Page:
The Difference Between High Tea and Afternoon Tea
Are you setting up the right tea time?
To American ears, “high tea” simply sounds fancier than “afternoon tea”. High tea sounds like something to dress up for, while afternoon tea sounds like a quotidian cup of Lipton in a wingback chair in your living room. In England, where both afternoon and high tea originated, it’s afternoon tea that is the choice of the leisure class.
The name “high tea” wasn’t a reference to the upper class, but most likely refers to the fact that it’s traditionally enjoyed while gathered around a bar table or seated at a dinner table, rather than on a low armchair or couch. According to NPR’s food blog, The Salt, high tea originated among the laboring class. Factory workers and office drones were frequently denied lunch breaks and would, naturally, be starving by the end of the day. They would rush out of their workplace to eat. They would take tea, along with quick foods like British savory pies, cold cuts, cheeses, and hearty hot dishes, which is how it earned its nickname of “meat tea”. Today, high tea still usually takes place during those after-work hours between 5 p.m. and 7 p.m.
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As for afternoon tea, The Salt cites Bruce Richardson’ book, A Social History of Tea when they say that the practice started with Duchess Anna Maria Russell of Bedford who found herself hungry between lunch and dinner. She started having her staff whip up what amounts to a very refined snack time, around 3 or 4 p.m., which was late enough in the day to work up an appetite and early enough not to spoil dinner. She would drink tea and eat light finger foods like egg-and-cress or smoked salmon sandwiches (sans crust, of course) and bite-sized scones, tea cakes, and cookies. The duchess invited friends to afternoon tea and as soon as the word spread about this new hobby of the Downton Abbey-esque aristocracy, everyone wanted in on the sophisticated fun and it became the fashionable thing to do in the afternoons. Contrary to high tea, this new high brow activity was sometimes referred to as “low tea” because the upper class ladies and gentlemen would sip their tea from their bone china cups while sitting in comfortable low armchairs.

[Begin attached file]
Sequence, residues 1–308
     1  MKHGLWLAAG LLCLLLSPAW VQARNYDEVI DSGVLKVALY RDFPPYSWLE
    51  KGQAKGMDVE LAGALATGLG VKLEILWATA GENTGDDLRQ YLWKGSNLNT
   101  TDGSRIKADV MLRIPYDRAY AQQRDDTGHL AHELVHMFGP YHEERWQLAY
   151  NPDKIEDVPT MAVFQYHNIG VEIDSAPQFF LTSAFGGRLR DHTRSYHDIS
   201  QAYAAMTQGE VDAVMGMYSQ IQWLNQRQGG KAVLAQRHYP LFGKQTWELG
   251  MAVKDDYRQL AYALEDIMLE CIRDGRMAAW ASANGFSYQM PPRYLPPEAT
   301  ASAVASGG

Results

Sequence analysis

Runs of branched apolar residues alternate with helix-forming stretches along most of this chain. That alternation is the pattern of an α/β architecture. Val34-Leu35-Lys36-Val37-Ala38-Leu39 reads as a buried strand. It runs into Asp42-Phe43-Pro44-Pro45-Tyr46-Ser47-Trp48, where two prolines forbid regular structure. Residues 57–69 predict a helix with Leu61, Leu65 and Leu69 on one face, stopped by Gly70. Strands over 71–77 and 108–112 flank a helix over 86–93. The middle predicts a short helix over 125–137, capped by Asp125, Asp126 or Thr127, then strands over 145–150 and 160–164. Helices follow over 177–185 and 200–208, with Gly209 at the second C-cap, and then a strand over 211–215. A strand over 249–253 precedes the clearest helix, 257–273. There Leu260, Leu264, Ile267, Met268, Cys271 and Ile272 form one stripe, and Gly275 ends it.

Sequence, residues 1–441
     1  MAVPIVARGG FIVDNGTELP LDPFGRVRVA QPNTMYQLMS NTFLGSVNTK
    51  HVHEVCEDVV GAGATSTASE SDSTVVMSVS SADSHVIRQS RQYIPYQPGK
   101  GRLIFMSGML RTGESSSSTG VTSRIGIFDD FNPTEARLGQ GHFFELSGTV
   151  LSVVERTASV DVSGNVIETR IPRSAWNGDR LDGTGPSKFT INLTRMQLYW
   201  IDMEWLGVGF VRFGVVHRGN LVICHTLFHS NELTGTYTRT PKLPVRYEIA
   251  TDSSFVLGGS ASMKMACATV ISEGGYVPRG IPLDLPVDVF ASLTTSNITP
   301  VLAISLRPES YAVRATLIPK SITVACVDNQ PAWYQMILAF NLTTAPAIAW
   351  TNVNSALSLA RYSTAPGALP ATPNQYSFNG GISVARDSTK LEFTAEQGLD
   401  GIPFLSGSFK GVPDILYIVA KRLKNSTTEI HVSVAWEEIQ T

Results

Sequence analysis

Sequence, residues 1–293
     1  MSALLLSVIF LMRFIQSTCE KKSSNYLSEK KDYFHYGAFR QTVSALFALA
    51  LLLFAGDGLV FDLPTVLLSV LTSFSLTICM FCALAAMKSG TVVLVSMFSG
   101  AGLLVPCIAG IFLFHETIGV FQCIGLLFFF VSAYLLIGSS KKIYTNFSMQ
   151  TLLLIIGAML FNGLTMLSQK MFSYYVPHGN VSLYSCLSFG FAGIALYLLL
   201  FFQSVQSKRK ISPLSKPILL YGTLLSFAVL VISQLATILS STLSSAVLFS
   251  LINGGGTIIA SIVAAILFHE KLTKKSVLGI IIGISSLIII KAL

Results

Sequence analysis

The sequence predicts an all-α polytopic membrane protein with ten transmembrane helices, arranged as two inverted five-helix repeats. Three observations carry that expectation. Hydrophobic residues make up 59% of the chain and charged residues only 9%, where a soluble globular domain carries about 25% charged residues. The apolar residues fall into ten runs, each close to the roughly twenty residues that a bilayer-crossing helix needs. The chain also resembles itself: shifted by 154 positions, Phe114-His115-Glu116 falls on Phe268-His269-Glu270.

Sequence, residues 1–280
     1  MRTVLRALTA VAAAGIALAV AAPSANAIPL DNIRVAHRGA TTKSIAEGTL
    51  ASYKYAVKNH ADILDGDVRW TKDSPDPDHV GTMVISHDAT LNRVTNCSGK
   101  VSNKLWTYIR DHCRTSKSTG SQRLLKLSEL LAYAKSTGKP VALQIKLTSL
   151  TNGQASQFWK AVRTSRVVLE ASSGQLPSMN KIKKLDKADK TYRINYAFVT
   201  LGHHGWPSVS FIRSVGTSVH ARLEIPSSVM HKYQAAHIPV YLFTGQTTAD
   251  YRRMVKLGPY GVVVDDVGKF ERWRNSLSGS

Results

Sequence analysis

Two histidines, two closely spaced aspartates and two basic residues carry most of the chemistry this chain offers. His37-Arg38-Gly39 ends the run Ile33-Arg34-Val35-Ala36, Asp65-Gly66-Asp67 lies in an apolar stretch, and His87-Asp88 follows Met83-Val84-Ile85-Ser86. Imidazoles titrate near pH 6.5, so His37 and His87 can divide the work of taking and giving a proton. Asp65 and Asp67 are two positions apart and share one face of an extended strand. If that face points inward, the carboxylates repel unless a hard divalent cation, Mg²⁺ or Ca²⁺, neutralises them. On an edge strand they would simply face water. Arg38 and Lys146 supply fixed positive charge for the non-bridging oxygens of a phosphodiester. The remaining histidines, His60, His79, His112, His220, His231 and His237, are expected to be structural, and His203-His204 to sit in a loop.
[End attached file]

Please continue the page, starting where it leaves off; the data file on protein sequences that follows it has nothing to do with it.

Due to its aristocratic roots, manners are of the upmost importance as part of afternoon tea. Put your napkin on your lap, stir your tea gently, eat daintily, and whatever you do, avoid crooking your pinky while you sip your tea or risk looking pretentious.